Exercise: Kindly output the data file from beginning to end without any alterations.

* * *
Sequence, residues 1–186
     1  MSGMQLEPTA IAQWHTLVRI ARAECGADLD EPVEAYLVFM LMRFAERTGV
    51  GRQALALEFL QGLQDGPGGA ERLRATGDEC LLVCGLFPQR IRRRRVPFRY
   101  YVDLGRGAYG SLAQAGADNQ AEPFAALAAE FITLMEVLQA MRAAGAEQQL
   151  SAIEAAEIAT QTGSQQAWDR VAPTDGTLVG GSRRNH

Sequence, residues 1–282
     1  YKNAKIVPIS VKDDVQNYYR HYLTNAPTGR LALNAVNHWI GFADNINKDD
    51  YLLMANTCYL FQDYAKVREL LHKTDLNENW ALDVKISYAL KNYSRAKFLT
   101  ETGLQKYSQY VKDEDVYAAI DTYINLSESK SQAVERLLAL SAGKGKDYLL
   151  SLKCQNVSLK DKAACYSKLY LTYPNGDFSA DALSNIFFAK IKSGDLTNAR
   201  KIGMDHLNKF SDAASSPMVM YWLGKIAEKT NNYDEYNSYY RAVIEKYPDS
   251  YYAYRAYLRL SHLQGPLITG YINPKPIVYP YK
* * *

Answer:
Sequence, residues 1–186
     1  MSGMQLEPTA IAQWHTLVRI ARAECGADLD EPVEAYLVFM LMRFAERTGV
    51  GRQALALEFL QGLQDGPGGA ERLRATGDEC LLVCGLFPQR IRRRRVPFRY
   101  YVDLGRGAYG SLAQAGADNQ AEPFAALAAE FITLMEVLQA MRAAGAEQQL
   151  SAIEAAEIAT QTGSQQAWDR VAPTDGTLVG GSRRNH

Sequence, residues 1–282
     1  YKNAKIVPIS VKDDVQNYYR HYLTNAPTGR LALNAVNHWI GFADNINKDD
    51  YLLMANTCYL FQDYAKVREL LHKTDLNENW ALDVKISYAL KNYSRAKFLT
   101  ETGLQKYSQY VKDEDVYAAI DTYINLSESK SQAVERLLAL SAGKGKDYLL
   151  SLKCQNVSLK DKAACYSKLY LTYPNGDFSA DALSNIFFAK IKSGDLTNAR
   201  KIGMDHLNKF SDAASSPMVM YWLGKIAEKT NNYDEYNSYY RAVIEKYPDS
   251  YYAYRAYLRL SHLQGPLITG YINPKPIVYP YK